(CNN) — The U.S. Food and Drug Administration revised the emergency use authorization for Pfizer’s COVID-19 antiviral treatment, Paxlovid, on Wednesday to allow state-licensed pharmacists to prescribe the treatment to people who are eligible.
“The FDA recognizes the important role pharmacists have played and continue to play in combatting this pandemic,” said Dr. Patrizia Cavazzoni, director for the FDA’s Center for Drug Evaluation and Research, in a statement. “Since Paxlovid must be taken within five days after symptoms begin, authorizing state-licensed pharmacists to prescribe Paxlovid could expand access to timely treatment for some patients who are eligible to receive this drug for the treatment of COVID-19.”
People who test positive for COVID-19 should first consider seeing their regular health care provider or finding a local test-to-treat site, where they can get a prescription from a provider, the FDA said.
Those who want to get Paxlovid from a pharmacist need to have with them electronic or printed health records that are less than 12 months old and that include blood work to review for kidney or liver problems, as well as a list of all medications being taken, both over-the-counter and prescription, to screen for drug interactions. The health records could also be obtained through a consult between the pharmacist and a person’s health care provider.
There are some limitations to the revised EUA to ensure appropriate assessment and prescribing, the FDA said. Pharmacists should refer people to medical providers such as doctors if there is not enough evidence to check kidney function, liver function or potential drug interactions, if modification of other medications is needed or if Paxlovid is not an appropriate treatment.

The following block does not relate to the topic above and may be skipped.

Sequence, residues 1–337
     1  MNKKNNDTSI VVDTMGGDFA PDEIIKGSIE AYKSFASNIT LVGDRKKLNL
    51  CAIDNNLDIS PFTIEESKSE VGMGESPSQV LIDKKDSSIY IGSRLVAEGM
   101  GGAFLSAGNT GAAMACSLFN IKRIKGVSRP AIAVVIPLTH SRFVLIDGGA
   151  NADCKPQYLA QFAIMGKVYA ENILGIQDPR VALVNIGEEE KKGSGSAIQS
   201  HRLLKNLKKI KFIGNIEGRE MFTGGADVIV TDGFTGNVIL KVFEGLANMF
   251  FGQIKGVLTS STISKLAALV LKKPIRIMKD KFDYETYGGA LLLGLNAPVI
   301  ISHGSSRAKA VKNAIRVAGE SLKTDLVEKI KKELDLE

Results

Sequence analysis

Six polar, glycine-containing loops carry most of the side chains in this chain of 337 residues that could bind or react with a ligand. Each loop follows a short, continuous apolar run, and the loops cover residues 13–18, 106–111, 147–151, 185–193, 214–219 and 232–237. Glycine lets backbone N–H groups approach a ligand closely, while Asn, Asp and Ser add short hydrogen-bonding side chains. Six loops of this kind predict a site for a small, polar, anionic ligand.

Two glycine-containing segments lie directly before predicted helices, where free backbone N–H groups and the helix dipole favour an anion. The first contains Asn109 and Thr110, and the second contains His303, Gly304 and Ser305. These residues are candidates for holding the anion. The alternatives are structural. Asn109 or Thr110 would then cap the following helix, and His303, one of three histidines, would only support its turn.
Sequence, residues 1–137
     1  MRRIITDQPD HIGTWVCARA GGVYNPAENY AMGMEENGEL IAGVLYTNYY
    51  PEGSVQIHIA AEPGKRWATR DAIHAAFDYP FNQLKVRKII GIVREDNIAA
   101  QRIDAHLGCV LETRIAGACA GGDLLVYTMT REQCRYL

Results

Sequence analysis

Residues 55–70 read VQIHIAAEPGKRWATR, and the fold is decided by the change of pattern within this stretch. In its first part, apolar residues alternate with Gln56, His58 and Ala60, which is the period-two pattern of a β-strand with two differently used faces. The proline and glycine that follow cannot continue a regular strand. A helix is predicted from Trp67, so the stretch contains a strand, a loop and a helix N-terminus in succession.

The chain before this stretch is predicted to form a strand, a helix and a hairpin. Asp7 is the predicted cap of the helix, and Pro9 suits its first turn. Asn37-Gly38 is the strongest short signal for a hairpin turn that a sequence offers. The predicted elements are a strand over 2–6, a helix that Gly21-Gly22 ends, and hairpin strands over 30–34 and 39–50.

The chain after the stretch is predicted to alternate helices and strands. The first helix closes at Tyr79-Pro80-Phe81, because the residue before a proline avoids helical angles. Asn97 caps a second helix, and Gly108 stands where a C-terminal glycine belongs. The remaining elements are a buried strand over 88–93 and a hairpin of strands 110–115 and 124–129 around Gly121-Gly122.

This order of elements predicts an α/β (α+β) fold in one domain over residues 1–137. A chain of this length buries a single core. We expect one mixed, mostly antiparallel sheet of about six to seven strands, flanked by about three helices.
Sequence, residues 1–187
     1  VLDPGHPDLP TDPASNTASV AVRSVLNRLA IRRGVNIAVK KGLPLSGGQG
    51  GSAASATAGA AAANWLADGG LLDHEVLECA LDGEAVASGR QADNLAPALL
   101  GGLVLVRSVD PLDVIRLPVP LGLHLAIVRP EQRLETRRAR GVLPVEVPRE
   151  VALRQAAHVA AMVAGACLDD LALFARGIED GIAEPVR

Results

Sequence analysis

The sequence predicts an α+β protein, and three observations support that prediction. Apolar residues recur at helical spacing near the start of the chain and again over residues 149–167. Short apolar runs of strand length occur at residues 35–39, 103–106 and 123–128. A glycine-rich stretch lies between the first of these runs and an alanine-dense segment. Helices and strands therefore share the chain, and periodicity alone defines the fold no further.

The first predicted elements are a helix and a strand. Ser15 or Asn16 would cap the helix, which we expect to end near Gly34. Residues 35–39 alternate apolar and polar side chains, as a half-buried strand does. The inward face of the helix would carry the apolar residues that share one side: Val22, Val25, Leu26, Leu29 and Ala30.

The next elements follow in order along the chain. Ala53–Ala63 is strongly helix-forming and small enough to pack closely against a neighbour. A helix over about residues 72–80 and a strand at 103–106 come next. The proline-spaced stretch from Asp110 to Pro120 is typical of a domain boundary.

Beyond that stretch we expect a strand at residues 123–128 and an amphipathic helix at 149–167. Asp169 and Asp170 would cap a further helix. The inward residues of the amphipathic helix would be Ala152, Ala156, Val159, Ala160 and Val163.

The American Pharmacists Association said its research found that “increasing access to authorized prescribers, including pharmacists, will increase availability and provide more opportunities for socially vulnerable and medically underserved communities to access these lifesaving medications.”
“Opening the door for pharmacists as prescribers will open the door to equitable access at pharmacies in communities across the country,” association interim Executive Vice President and CEO Ilisa BG Bernstein said in a statement.
But the American Medical Association was critical of the FDA’s move.
“While the majority of COVID-19 positive patients will benefit from Paxlovid, it is not for everyone and prescribing it requires knowledge of a patient’s medical history, as well as clinical monitoring for side effects and follow-up care to determine whether a patient is improving — requirements far beyond a pharmacist’s scope and training,” AMA President Dr. Jack Resneck Jr. said in a statement.
“Patients will get the best, most comprehensive care from physician-led teams — teams that include pharmacists. But, whenever possible, prescribing decisions should be made by a physician with knowledge of a patient’s medical history and the ability to follow up.”
Paxlovid is authorized for the treatment of mild to moderate COVID-19 in those over the age of 12 who have had a positive COVID-19 test and are at high risk for severe COVID.
About a third of the US population lives in a county with a “high COVID-19 community level,” where the US Centers for Disease Control and Prevention recommends universal indoor masking and warns that the health care system is at risk of extra burden. Data from the US Department of Health and Human Services shows that COVID-19 hospitalizations are also rising slowly nationwide.